Peter Svidler wins Aker Chess Challenge in Gjøvik

1/5/2009 – The first game in the final between Peter Svidler and Magnus Carlsen, a Ruy Lopez Berlin, ended in a draw after 20 moves. That gave Carlsen the chance to go for a win with the white pieces in the final game. But it was the grandmaster from St Petersburg who took first prize with a fine victory against his Norwegian opponent. Hikaru Nakamura of the US beat Kjetil Lie to take third. Final report.

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Chess Festival in Gjøvik, Norway

The Aker Chess Challenge is being played in the main auditorium of Gjøvik cinema, under the same roof as Thon Hotel, where Simen Agdestein in 1991 played a 2-2 drawn match with classic time controls against the long reigning world champion Anatolij Karpov.

The event consists of a double-round robin tournament, followed by a bronze final and a final. That is a total of eight rounds, plus if necessary sudden death blitz games. Time controls are 25 minutes per game, with 5 seconds increment per move. The games have a running commentary for spectators in an adjoining auditorium, and are also being transmitted live on Playchess and by the official web site (link below).

Results of finals (and tiebreaks)

Final: Monday, January 5th 2009, 13:00h
Peter Svidler 
½-½
 Magnus Carlsen
Magnus Carlsen 
0-1
 Peter Svidler
Bronze Final: Monday, January 5th 2009, 14:20h
Hikaru Nakamura 
1-0
 Kjetil Lie
Kjetil Lie 
½-½
 Hikaru Nakamura

Hikaru Nakamura took the first game of the match for third place against Norwegian GM Kjetil Lie with a trademark Trompowsky.

Nakamura,Hi (2699) - Lie,K (2539) [A45]
Aker CC Rapid Bronze Gjovik NOR (1), 05.01.2009
1.d4 Nf6 2.Bg5 Ne4 3.Bf4 c5 4.f3 Qa5+ 5.c3 Nf6 6.d5 Qb6 7.Bc1 g6 8.e4 d6 9.c4 e6 10.Ne2 exd5 11.cxd5 Bg7 12.Nec3 0-0 13.Be2 a6 14.a4 Nbd7 15.Na3 Qd8 16.0-0 Rb8 17.Be3 Ne8 18.Qd2 Nc7 19.Rab1 Qe7 20.b4 Re8 21.Bf2 b6 22.Nc4 b5 23.axb5 axb5 24.Na5 Qf6 25.Rfc1 Ra8 26.Nxb5 Nxb5 27.Bxb5 cxb4 28.Qxb4 Rd8 29.Nc6 Rf8 30.Bd4 Qg5 31.Bxg7 Kxg7 32.Qxd6 Ra2 33.Qg3 Qe3+ 34.Kh1 Nf6 35.Re1 Qd2 36.Re2 1-0. [Click to replay]

In the second game, a Modern Defence, Lie was a pawn up and pressing when Nakamura sacrificed first an exchange and then a piece to force a repetition and win the match.

Lie,K (2539) - Nakamura,Hi (2699) [B00]
Aker CC Rapid Bronze Gjovik NOR (2), 05.01.2009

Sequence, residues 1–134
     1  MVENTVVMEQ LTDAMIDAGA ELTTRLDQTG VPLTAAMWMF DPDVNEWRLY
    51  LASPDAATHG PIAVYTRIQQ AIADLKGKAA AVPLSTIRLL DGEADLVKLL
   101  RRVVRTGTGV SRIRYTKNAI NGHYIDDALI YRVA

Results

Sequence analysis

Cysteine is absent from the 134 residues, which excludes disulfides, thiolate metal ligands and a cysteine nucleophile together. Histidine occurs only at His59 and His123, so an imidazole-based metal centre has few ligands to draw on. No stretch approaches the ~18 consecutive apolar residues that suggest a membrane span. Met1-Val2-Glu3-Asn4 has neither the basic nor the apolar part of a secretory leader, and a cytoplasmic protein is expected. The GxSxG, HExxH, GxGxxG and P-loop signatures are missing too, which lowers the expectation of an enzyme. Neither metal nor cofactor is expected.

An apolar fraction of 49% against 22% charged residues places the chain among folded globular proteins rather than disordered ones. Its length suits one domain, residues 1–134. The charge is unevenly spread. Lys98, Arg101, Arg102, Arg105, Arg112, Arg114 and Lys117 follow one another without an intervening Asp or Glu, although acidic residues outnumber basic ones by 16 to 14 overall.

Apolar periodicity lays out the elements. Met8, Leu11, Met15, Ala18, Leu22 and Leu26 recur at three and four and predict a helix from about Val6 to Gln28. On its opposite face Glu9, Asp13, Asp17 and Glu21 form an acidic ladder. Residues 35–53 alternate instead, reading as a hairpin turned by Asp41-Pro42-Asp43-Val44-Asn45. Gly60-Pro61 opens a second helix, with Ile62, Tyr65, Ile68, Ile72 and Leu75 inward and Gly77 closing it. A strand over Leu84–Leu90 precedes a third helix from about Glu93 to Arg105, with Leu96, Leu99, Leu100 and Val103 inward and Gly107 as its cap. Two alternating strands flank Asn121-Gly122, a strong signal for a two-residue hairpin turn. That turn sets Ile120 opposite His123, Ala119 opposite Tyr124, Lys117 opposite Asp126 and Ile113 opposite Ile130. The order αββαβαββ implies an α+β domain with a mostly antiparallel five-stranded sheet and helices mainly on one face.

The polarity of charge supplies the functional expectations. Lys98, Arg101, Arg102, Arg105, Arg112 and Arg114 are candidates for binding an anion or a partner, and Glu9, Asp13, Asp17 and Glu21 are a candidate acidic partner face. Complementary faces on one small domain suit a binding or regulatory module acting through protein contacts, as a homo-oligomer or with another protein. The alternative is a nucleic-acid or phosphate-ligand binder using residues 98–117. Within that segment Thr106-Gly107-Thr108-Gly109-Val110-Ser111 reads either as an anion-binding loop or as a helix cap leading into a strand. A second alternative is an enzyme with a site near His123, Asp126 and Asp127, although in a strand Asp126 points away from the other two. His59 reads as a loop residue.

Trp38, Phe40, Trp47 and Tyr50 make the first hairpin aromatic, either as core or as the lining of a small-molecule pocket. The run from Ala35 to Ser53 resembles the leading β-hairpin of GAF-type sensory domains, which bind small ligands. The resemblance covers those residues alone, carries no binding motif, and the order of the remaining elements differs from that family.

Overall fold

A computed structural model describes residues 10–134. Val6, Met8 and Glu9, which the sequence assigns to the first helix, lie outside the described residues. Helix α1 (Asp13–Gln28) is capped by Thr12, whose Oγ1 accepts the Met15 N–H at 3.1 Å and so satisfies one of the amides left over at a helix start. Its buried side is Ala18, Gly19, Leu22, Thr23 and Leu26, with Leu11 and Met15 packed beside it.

1.e4 d6 2.d4 g6 3.Nc3 a6 4.a4 Bg7 5.h3 Nf6 6.Nf3 c5 7.d5 0-0 8.Bc4 Nbd7 9.0-0 Ne8 10.Re1 Nc7 11.Bf4 b5 12.axb5 Nb6 13.Bf1 axb5 14.Nxb5 Nxb5 15.Bxb5 Rb8 16.e5 Nxd5 17.Qxd5 Rxb5 18.exd6 exd6 19.Bxd6 Bb7 20.Qd3

20...Bxf3 21.Qxb5. Perhaps Lie should have tried 21.Bxf8 Qxd3 22.cxd3 Bxf8 with better chances. 21...Qxd6 22.gxf3 Bd4 23.Kg2

23...Bxf2! Forces a draw by repetition. 24.Kxf2 Qh2+ 25.Kf1 Qxh3+ 26.Ke2 Qh2+ 27.Kd3 Rd8+ 28.Kc3 Qd2+ 29.Kb3 c4+ 30.Qxc4 Rb8+ 31.Ka3 Ra8+ 32.Kb3 Rb8+ 33.Ka3 Ra8+ 34.Kb3 Rb8+ 35.Ka3 ½-½. This was the only half point poor Kjetil Lie scored in the entire event. [Click to replay]

The first game between Peter Svidler and Magnus Carlsen, a Ruy Lopez Berlin, ended in a draw after White's 20th move. That gave Carlsen the chance to go for a win with the white pieces in the final game – a closed Ruy Lopez.

Carlsen,M (2776) - Svidler,P (2723) [C84]
Aker CC Rapid Final Gjovik NOR (2), 05.01.2009
1.e4 e5 2.Nf3 Nc6 3.Bb5 a6 4.Ba4 Nf6 5.0-0 Be7 6.d3 b5 7.Bb3 d6 8.a4 Bd7 9.Bd2 b4 10.c3 Rb8 11.Bc4 Qc8 12.Re1 0-0 13.d4 Bg4 14.Be3 Na5 15.Bd3 Bxf3 16.Qxf3 Nb3 17.Ra2 Ng4 18.Nd2 bxc3 19.bxc3 Nxe3 20.Qxe3 Bf6 21.Nf3 Re8 22.Rb1 c5 23.dxe5 dxe5 24.Bf1 c4 25.Nd2 Nxd2 26.Rxb8 Qxb8 27.Rxd2 Qb3 28.a5 h6 29.Rd5 Rd8 30.g3 Bg5 31.Qf3 Bf6 32.h4 Qa2 33.Rxd8+ Bxd8

Things are going according to plan for White, who seems to have enough initiative (even after exchanging the rooks). 34.Qd1. 34.Qf5 Qxa5 35.Qc8 was an interesting alternative. 34...Bxa5 35.Qd5? 35.Qd7 Bxc3 36.Qe8+ Kh7 37.Qxf7 was okay for White. 35...Bb6 36.Kh2 Qxf2+ 37.Bg2 a5 38.Qxc4 Qc5. Carlsen is a pawn down and in trouble. He balks at exchanging queens, although 39.Qxc5 Bxc5 40.Bf1 may have proved defensible. 39.Qa4 g6 40.Qb3 h5 41.c4 Kg7 42.Kh3 Qc6 43.Qc3 Qe6+ 44.Kh2 Qe7 45.Qb3 Qb4

Now he has no other choice, though lines like 46.Qxb4 axb4 47.Bf1 b3 48.Bd3 Kf6 49.Kg2 Ke7 50.Kf3 Kd6 51.Ke2 Kc5 52.Kd2 Kd4 look very bleak. 46.Qd3 Bd4 47.Qe2 a4 48.g4 a3 49.gxh5 Qb2 50.Qg4 Qd2 51.Kh3 Qe3+ 52.Bf3 Qf4 0-1. [Click to replay]


The Aker Chess Challenge is over, the final positions are still on the demo screen


Peter Svidler's wife adjusts his tie for the great moment


The exhausted four (Lie, Nakamura, Carlsen, Svidler) wait for the prize-giving


They get: €3,000 (Svidler), Kr 16,000 (Carlsen), €1,200 (Nakamura) and Kr 5,000 (Lie)

All photos provided by Galina Tiviakova

Schedule and results

Round 1: Friday, January 2nd 2009, 13:20h
Peter Svidler 
1-0
 Hikaru Nakamura
Magnus Carlsen 
1-0
 Kjetil Lie
Round 2: Friday January 2nd 2009, 14:40h
 Peter Svidler 
½-½
 Magnus Carlsen
Hikaru Nakamura 
1-0
 Kjetil Lie
Round 3: Saturday, January 3rd 2009, 13:20h
Magnus Carlsen 
0-1
 Hikaru Nakamura
Kjetil Lie 
0-1
 Peter Svidler
Round 4: Saturday, January 3rd 2009, 14:40h
Hikaru Nakamura 
½-½
 Peter Svidler
Kjetil Lie 
0-1
 Magnus Carlsen
Round 5: Sunday, January 4th 2009, 14:20h
Magnus Carlsen 
1-0
 Peter Svidler
Kjetil Lie 
0-1
 Hikaru Nakamura
Round 6: Sunday, January 4th 2009, 15:40h
Peter Svidler 
1-0
 Kjetil Lie
Hikaru Nakamura 
½-½
 Magnus Carlsen
Final: Monday, January 5th 2009, 13:00h
Peter Svidler 
½-½
 Magnus Carlsen
Magnus Carlsen 
0-1
 Peter Svidler
Bronze Final: Monday, January 5th 2009, 14:20h
Hikaru Nakamura 
1-0
 Kjetil Lie
Kjetil Lie 
½-½
 Hikaru Nakamura

Links

The games are being broadcast live on the official web site and on the chess server Playchess.com. If you are not a member you can download the free PGN reader ChessBase Light, which gives you immediate access. You can also use the program to read, replay and analyse the PGN games.


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